A few of the fields around the village are looking very pretty at the moment. This is linseed and the flowers are a very pale blue. They don't seem to photograph very well and taking pictures in the sun makes them appear white.
The flowers open fully only when the sun is out, at the end of the day the fields turn green again. The flowers face the sun and follow it through the day.
They look pretty from underneath as the sun shines through the petals
but the blue colour and veining on the petals is seen when they are viewed face on.
Linseed is also known as flax but the varieties grown here are grown for the oil in the seeds and so are more commonly called linseed. Older varieties which were taller (1 - 1.2 metres) and known as flax were grown for their fibre which was processed to produce linen. Flax is no longer grown for fibre in the UK on a commercial scale.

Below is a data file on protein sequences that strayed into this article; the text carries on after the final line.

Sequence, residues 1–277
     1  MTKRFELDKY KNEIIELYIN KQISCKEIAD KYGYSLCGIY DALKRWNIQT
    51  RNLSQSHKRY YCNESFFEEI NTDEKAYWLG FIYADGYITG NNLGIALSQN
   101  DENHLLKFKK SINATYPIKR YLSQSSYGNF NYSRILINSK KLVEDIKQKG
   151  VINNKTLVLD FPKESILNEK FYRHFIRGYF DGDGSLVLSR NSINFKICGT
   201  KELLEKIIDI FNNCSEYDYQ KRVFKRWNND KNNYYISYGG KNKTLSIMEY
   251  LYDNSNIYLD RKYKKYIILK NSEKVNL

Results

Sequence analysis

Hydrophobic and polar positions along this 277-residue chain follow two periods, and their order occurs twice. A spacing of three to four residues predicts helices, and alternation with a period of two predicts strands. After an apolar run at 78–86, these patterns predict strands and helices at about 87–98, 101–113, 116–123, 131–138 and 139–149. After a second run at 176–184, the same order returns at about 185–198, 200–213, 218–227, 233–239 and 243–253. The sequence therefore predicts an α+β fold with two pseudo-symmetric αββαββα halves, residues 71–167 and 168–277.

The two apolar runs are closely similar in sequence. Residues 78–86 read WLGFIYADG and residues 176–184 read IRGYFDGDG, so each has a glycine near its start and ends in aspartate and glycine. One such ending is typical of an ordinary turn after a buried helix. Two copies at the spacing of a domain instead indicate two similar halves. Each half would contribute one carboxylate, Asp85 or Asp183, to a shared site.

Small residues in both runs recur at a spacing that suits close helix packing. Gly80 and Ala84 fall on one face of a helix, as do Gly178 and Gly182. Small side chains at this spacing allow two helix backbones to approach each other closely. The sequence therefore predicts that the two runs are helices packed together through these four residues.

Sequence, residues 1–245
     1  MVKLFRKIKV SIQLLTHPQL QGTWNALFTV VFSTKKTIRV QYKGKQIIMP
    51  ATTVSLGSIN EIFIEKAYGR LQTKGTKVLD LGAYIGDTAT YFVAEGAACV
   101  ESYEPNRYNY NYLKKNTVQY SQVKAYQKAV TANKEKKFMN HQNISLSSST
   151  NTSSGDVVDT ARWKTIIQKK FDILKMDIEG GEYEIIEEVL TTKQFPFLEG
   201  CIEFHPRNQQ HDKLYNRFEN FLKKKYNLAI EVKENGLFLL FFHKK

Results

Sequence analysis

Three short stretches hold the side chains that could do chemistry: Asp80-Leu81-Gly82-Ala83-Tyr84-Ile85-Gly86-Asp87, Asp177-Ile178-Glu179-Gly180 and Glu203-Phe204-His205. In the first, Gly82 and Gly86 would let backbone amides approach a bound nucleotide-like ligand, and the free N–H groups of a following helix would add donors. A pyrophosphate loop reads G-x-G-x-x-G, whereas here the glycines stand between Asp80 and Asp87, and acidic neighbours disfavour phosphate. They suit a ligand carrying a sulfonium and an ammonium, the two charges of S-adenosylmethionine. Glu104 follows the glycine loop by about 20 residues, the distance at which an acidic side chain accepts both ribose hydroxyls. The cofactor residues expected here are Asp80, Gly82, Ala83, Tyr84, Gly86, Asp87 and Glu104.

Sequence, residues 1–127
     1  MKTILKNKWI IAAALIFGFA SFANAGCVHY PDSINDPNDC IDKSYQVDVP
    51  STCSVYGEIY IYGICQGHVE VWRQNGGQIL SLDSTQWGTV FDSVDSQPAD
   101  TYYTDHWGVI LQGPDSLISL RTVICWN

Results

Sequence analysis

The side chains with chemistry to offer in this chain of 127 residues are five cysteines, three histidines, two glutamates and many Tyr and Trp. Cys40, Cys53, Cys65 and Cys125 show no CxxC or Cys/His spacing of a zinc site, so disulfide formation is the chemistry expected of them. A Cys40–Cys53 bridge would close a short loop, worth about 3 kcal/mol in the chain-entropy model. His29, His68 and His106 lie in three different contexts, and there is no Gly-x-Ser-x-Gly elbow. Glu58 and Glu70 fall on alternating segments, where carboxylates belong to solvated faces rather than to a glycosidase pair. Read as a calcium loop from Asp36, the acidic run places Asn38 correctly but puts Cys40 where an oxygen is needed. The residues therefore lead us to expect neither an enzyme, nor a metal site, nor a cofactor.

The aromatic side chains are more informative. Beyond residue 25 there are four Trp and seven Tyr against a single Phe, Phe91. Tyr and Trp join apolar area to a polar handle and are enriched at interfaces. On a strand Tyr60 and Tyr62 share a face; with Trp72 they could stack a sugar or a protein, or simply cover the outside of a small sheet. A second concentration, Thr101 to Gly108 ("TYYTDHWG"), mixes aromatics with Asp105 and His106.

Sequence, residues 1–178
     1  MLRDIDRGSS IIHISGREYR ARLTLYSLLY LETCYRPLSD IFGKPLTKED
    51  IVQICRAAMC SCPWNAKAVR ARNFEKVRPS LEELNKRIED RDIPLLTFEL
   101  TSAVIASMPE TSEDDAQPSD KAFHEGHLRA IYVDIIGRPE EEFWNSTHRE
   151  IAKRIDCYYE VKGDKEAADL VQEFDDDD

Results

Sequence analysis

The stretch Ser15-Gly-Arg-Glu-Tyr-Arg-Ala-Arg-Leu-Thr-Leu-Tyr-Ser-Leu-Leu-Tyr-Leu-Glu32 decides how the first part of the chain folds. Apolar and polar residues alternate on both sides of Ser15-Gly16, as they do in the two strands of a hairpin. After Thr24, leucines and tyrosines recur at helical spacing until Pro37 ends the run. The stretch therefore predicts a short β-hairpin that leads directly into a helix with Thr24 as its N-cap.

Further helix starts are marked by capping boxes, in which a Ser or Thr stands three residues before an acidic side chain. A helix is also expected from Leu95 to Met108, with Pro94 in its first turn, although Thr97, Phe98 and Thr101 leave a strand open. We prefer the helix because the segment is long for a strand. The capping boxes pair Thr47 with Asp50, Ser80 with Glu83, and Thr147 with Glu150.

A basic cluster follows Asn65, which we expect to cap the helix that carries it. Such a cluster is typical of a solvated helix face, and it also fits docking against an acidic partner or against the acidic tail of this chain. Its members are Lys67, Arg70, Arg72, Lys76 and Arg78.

I found a little history of flax growing here and a timeline of flax through history here.
The amount of flax grown for fibre in the UK increased during both World Wars when Britain needed to be more self sufficient, I wonder if as the price of oil rises and transport costs increase, flax will be grown again in Britain for fibre as well as growing linseed for oil.